• If violence is unavoidable, make yourself a small target. Dive into a corner and curl up into a ball with your face protected and arms around each side of your head, fingers entwined.
  • If possible, have a phone accessible at all times and know what numbers to call for help. Know where the nearest public phone is located. Know the phone number to your local shelter. If your life is in danger, call 9-1-1.
  • Create an exit plan ahead of time with someone who you trust and who can support you if you need to get out of your home in a hurry. Can you stay with a loved one — whether friend or family — if necessary?
  • Pack an emergency bag with necessities that you can easily grab if you do need to leave home, like clothes, medications, copies of important documents, cash, a pay-as-you-go cell phone, an extra set of keys, and anything else you would need.
  • Share copies (whether physical copies or pictures) of any important documents with a trusted loved one — anything else that you would need or want to have access to if you had to leave home quickly. Use a method of sharing these documents that’s safest for your particular situation and be mindful of sending anything via phone or computer if your abuser could find it.
  • Try to create a peaceful space for yourself in your home, if it’s safe for you to do so. You may want to draw pictures of a more peaceful place or write positive affirmations and then hang them up where you can see them — anything that can help you visualize a more peaceful environment and remind you that you are worthy. If you’re a parent, you could even do this with your children.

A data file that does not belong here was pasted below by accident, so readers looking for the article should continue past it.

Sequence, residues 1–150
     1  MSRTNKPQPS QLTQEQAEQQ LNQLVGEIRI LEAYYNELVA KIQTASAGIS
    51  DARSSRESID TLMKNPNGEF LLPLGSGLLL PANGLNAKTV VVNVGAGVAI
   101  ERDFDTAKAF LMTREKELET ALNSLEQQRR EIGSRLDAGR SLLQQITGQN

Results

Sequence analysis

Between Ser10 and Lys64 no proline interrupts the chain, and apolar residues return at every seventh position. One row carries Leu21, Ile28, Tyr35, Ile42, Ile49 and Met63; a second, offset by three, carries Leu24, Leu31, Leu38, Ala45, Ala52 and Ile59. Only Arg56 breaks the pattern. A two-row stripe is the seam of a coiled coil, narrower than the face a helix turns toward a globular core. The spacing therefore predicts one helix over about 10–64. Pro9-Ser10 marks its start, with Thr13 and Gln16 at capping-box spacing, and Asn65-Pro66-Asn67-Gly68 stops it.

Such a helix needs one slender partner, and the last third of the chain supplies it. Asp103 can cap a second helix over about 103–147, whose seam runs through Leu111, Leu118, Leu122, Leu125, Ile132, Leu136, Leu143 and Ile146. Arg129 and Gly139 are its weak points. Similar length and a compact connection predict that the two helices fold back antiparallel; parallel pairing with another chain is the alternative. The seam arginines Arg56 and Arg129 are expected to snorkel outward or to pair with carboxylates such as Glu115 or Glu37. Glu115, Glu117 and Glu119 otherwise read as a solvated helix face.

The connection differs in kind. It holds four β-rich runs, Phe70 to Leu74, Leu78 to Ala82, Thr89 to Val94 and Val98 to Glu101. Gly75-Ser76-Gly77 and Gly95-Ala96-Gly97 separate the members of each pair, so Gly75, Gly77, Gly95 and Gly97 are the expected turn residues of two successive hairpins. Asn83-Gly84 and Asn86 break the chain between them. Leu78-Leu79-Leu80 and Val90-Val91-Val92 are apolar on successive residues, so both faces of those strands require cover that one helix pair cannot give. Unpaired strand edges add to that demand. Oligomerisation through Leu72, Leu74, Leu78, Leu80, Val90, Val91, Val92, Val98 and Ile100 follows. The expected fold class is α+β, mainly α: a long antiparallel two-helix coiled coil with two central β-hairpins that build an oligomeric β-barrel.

For more detailed safety plans or more information, go to https://www.thehotline.org/help/path-to-safety/.

Seek help or support if you need it

You don’t need to do any of this on your own. If you or someone you know ever feels unsafe in a relationship, know that there is help. The National Domestic Violence Hotline is available 24/7 by phone, text, or live chat:

  • To reach them by phone, call 1-800-799-7233
  • If you are unable to speak safely, you can visit their website and click the “Chat Now” button for a live chat
  • You can also access their text line by texting “LOVEIS” to 22522

You can also find more detailed information about safety plans at their website too.

You deserve to be safe

It’s never your fault when someone chooses to be abusive to you, and it has no reflection on the value you have as a person. Know that you’re not alone and help is available to you. And never forget that you are worthy, and you deserve to be safe.


Sources
  • “Intimate Partner Violence and Sexual Violence Victimization Assessment Instruments for Use in Healthcare Settings.” Centers for Disease Control and Prevention. Department of Health and Human Services, 2007. https://www.cdc.gov/violenceprevention/pdf/ipv/ipvandsvscreening.pdf.
  • ‘What Unhealthy Relationships Look Like During COVID-19.” One Love. One Love Foundation. Retrieved May 20 2020. https://www.joinonelove.org/wp-content/uploads/2020/04/Unhealthy-Signs-during-COVID-19-1.pdf
  • “Safety planning — COVID-19: A guide for survivors of domestic violence.” Sanctuary for Families. Sanctuary for Families. Retrieved May 20 2020. https://sanctuaryforfamilies.org/wp-content/uploads/2020/03/Safety-Plan-Flyer.pdf.
  • “What is a safety plan?” National Domestic Violence Hotline. National Domestic Violence Hotline. Retrieved May 20 2020. https://www.thehotline.org/help/path-to-safety/.